This short document aims to present the common Lighting Control System Standards used in the lighting industry today and give a short explanation of their development, uses, advantages and disadvantages.
Lighting can be switched on or of and it can be dimmed that is the light output of the lighting source varied to different levels in between off (no light ) and full on ( the maximum light output of the source)
When halogen lighting is in use the dimming is simple and can be carried out either remotely or locally. A dimmer of this type (for a halogen load) achieves the dimming by reducing or increasing the level of the r.m.s. voltage and hence the average power.
Traditional Triac or thyristor dimmers use switching techniques to achieve this varying voltage. Inductors are the other main component of the dimming circuit and these are used to suppress interference caused by the switching. When a dimmer is at 50% they are switching the greatest voltage and the interference in the circuit is at its maximum. This is the cause of the vibration in the inductors that causes a buzz to be heard near to the dimming units. The inductors add weight to the dimmers and the suppression provided is often not sufficient to prevent the buzzing being heard on audio systems that share a closely related power supply.
Although the most simple form of dimming this type of dimming is not without it’s problems:
Low voltage lighting is now in very frequent use in projects using a wirewound or electronic transformer to provide a 12 v voltage for the lamps.
Traditional wirewound transformers provide an inductive load to the dimmer and the current of the load lags behind the voltage. Once triggered a triac requires the flow of current to the load through the device to maintain its operation. When the current falls below this threshold the device will switch off. If the current lag from an inductive load is sufficient the current flow in the circuit will not reach a sufficient level to maintain the triac and the device will turn off givingflashing and unwanted effects.
To avoid this effect the length of firing pulse on the dimmer can be varied to last long enough for the current to ‘catch up’ .
When using electronic dimmers only dimmers designed for use with a dimmer should be used although others may work they will not work for long.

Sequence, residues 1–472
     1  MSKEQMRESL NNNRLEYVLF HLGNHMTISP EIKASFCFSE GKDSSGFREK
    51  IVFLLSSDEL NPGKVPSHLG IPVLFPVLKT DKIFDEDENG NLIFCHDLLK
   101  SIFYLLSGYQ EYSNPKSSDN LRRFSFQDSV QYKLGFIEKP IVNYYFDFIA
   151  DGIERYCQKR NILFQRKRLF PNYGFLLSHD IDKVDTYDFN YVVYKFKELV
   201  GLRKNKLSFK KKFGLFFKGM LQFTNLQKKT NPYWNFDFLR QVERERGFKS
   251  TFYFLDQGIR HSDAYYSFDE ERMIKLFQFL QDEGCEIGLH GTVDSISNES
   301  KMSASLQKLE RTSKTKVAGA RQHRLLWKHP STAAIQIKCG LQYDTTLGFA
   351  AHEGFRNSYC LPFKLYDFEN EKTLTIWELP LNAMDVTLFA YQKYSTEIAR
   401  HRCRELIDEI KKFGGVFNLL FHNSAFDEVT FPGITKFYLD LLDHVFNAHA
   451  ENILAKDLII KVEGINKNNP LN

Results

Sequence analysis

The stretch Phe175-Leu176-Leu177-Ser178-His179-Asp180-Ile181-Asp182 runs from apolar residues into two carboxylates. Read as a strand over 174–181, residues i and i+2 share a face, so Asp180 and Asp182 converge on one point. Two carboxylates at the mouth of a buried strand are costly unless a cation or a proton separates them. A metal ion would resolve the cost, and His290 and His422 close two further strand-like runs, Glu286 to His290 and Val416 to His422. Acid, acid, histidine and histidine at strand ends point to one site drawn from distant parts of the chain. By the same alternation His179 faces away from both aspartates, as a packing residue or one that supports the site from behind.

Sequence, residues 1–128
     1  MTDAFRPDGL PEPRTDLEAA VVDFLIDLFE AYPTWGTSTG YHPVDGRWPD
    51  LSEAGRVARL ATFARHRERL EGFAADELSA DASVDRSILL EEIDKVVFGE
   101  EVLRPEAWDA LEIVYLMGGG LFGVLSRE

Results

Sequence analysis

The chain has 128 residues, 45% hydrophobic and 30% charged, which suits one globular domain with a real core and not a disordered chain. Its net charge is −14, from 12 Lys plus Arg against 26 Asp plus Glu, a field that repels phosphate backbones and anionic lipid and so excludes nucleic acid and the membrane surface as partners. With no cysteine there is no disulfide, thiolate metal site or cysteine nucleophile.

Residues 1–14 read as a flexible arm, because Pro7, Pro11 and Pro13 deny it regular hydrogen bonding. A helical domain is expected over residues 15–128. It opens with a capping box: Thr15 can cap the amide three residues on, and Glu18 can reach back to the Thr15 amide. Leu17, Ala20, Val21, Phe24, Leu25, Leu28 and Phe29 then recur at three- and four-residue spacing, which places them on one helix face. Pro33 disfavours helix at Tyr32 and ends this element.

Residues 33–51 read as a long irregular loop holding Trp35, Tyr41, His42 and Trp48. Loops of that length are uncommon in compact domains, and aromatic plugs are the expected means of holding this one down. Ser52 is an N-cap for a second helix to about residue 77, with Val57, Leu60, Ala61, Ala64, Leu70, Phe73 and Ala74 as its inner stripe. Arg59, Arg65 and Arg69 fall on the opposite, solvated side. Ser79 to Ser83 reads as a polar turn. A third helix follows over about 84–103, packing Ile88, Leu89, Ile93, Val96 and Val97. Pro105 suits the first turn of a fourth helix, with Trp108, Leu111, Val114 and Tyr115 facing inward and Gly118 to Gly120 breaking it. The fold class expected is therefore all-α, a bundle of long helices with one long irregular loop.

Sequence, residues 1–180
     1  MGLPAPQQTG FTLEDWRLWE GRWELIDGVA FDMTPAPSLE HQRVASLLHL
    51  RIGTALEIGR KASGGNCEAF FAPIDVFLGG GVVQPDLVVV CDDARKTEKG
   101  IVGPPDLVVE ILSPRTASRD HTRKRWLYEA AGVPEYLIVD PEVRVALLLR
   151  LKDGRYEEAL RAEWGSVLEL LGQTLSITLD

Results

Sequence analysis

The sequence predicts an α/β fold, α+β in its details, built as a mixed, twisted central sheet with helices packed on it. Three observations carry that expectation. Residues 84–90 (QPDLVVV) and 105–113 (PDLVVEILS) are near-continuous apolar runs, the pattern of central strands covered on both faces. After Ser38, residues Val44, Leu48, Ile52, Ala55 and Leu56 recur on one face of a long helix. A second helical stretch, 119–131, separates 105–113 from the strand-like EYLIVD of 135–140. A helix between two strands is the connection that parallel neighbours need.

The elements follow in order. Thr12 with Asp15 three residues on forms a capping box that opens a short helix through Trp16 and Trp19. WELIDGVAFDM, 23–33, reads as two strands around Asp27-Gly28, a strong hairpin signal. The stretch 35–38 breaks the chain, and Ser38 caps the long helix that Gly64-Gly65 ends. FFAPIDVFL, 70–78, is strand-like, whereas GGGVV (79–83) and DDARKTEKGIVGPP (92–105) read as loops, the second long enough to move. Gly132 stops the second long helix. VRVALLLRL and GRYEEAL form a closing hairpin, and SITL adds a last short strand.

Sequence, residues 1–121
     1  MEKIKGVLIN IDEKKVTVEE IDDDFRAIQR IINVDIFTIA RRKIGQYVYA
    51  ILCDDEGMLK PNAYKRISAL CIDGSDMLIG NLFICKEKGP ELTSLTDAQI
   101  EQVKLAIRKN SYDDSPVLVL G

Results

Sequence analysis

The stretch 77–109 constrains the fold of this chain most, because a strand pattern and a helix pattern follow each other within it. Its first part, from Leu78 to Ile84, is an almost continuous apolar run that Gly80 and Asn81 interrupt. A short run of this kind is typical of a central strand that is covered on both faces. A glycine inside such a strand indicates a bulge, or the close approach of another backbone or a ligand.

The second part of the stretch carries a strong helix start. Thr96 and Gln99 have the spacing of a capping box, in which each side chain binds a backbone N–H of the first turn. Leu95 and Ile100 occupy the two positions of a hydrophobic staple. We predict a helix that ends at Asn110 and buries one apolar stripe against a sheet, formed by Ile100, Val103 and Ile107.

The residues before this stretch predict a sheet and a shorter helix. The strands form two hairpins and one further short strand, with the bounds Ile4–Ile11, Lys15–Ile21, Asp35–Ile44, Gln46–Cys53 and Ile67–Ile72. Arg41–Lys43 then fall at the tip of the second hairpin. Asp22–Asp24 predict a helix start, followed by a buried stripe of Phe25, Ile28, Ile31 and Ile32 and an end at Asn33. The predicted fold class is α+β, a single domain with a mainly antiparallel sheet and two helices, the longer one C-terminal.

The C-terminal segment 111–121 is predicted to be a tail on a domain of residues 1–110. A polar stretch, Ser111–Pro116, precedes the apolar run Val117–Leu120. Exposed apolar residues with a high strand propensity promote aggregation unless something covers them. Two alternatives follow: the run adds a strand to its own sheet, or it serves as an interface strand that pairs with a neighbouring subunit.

Fluorescent and High intensity discharge lamps are frequently used in both residential and commercial projects. These use electronic ballasts to provide the supply to the lamp or lamps. Electronic ballasts usually change the frequency of the power from the standard mains (e.g., 50 Hz in uk) frequency to 20,000 Hz or higher, substantially eliminating the stroboscopic effect of flicker (100 or 120 Hz, twice the line frequency) associated with fluorescent lighting (see photosensitive epilepsy). These devices are often based on SMPS topology and allow dimming via pulse width modulation.
Generally these ballasts will be permanently connected to a mains power supply and also have one set of control connections either two or three core dependant on the type of control.
LED Electronic controllers
Led lighting is more and more popular due to the energy efficiency and the colour change possibilities without the need for filters.
LED units are however more complicated to dim than halogens. Dimming using a traditional dimmer above at best will not work and at worst will cause damage to your control gear and your dimmer.
Electronic controller specifically designed for controlling LED’s exists in both single channel devices and most commonly in three or four channel devices to accommodate colour change.
These devices provide a constant current supply to the LED and vary this supply using pulse width modulation to lower the duty cycle of the led and create a dimming effect.
These devices come in many shapes and sizes depending on what you wish to control. They also come as either integral units with LED power supplies or stand alone units which are connected in conjunction with and LED power supply.
Control either local or remote and if remote using 0-10V DC, DMXgenerally.
Cold Cathode Electronic controllers